The firm normally issues patches at a set time each month but said that the attention the problem had received forced it to move more quickly.
It follows the French and German governments decision to advise citizens to use other browsers.
Security experts said they had seen malicious code exploiting the weakness.
If a web user were to visit a compromised site using a vulnerable browser, they could become infected with a "trojan horse", allowing a hacker to take control of the computer and potentially steal sensitive information.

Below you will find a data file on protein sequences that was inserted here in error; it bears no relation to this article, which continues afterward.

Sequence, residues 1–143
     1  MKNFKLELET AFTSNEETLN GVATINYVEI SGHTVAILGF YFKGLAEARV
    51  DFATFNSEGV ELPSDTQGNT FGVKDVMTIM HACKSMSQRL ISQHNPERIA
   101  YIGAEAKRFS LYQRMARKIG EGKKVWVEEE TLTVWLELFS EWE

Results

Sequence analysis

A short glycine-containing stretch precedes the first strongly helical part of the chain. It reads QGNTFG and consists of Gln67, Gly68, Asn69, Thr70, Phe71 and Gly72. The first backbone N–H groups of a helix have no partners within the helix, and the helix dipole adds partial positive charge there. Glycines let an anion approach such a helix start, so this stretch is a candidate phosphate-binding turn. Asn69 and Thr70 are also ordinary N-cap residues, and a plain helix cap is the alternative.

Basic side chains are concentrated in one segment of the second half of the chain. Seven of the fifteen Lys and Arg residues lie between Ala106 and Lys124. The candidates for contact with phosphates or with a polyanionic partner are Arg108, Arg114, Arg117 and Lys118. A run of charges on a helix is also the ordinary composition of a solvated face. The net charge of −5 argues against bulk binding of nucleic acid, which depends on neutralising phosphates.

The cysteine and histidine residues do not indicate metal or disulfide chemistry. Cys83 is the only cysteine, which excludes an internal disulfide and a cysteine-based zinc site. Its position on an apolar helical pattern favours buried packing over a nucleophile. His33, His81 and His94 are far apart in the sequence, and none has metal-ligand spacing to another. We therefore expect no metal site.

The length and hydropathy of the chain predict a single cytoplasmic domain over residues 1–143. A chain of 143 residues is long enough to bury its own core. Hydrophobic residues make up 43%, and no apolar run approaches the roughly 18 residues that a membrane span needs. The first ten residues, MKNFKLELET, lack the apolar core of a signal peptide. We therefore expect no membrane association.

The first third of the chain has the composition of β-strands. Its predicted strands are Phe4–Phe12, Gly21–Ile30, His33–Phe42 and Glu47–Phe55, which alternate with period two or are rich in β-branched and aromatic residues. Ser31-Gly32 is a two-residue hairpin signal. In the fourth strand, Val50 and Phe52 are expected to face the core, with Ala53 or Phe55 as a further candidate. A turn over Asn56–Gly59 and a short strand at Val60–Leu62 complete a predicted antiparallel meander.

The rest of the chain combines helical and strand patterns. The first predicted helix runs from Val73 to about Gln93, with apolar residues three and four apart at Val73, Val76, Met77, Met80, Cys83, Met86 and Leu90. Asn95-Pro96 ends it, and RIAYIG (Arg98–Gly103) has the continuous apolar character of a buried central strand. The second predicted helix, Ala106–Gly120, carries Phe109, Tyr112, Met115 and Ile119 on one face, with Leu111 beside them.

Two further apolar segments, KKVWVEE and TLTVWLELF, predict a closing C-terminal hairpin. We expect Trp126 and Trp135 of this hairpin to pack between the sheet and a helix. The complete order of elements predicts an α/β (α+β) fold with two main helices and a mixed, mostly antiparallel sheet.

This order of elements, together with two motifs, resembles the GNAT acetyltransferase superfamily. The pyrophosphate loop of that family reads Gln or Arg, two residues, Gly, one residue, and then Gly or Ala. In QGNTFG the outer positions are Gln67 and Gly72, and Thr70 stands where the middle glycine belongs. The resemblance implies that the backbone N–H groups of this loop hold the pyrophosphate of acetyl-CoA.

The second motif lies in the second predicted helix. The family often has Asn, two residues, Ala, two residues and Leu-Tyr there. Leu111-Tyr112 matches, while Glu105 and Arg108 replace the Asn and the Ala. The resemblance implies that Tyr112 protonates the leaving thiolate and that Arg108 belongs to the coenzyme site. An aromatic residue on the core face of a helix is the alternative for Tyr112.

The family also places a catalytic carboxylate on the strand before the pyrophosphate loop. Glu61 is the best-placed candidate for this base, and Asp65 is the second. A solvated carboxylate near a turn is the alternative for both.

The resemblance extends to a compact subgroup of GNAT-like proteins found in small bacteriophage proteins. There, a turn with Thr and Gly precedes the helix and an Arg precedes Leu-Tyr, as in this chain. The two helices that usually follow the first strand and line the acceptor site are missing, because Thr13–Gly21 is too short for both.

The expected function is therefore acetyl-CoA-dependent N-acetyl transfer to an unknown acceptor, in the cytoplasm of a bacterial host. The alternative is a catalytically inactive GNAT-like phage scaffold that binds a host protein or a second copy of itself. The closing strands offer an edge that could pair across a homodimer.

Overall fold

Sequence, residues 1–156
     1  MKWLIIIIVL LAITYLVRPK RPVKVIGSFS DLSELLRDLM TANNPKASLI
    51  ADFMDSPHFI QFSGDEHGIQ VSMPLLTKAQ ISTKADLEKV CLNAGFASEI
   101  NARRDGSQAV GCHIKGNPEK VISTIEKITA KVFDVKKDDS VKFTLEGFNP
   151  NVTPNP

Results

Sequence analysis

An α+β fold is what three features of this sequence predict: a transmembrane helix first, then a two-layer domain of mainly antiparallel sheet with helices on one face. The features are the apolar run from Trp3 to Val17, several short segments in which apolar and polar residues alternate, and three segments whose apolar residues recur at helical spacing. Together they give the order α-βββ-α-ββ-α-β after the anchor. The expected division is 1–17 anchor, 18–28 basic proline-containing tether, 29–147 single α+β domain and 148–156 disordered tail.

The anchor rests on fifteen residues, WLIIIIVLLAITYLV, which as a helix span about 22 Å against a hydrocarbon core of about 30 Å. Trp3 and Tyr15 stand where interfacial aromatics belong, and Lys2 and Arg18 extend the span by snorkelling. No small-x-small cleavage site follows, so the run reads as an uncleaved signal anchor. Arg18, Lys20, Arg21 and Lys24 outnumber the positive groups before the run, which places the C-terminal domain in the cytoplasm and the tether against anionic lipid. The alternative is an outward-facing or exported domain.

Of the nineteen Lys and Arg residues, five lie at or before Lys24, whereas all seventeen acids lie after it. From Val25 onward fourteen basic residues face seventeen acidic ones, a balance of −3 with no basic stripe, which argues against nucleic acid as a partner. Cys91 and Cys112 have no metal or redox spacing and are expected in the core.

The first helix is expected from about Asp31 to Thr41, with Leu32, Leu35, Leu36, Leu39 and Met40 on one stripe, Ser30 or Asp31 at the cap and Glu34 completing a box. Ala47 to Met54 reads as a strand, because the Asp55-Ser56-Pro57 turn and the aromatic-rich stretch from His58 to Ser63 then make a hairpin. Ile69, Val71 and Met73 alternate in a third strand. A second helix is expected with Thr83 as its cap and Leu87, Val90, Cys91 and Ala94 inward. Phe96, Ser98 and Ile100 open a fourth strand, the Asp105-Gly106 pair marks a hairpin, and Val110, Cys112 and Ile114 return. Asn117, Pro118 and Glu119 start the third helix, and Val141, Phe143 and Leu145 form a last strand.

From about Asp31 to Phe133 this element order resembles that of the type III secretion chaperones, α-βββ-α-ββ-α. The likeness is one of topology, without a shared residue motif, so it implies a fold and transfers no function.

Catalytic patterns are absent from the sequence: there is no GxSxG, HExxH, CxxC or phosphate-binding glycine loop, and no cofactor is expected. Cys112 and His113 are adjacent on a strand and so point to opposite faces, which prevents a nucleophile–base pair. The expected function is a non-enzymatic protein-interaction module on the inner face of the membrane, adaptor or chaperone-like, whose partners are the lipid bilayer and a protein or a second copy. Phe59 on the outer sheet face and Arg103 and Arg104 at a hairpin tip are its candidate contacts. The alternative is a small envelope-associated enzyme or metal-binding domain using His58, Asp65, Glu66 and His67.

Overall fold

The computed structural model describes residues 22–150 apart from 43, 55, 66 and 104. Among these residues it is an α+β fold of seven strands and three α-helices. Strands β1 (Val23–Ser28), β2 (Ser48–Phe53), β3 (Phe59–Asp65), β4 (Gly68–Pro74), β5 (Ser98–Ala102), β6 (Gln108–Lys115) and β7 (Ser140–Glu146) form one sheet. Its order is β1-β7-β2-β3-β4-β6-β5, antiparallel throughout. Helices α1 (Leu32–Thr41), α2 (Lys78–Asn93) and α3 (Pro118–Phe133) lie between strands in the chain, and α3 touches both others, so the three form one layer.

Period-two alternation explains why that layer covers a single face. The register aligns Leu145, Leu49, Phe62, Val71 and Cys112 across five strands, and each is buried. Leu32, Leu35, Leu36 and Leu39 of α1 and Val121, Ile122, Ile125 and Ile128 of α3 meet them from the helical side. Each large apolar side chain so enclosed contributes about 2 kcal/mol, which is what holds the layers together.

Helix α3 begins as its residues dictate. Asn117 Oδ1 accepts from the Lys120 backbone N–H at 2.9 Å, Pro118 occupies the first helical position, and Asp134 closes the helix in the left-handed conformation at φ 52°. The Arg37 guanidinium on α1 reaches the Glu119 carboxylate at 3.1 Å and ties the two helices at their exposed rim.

Microsoft said on 18 January that there were "very few" infected sites on the web.
But Security firm Sophos said now it had seen "copycat" sites trying to exploit the vulnerability.
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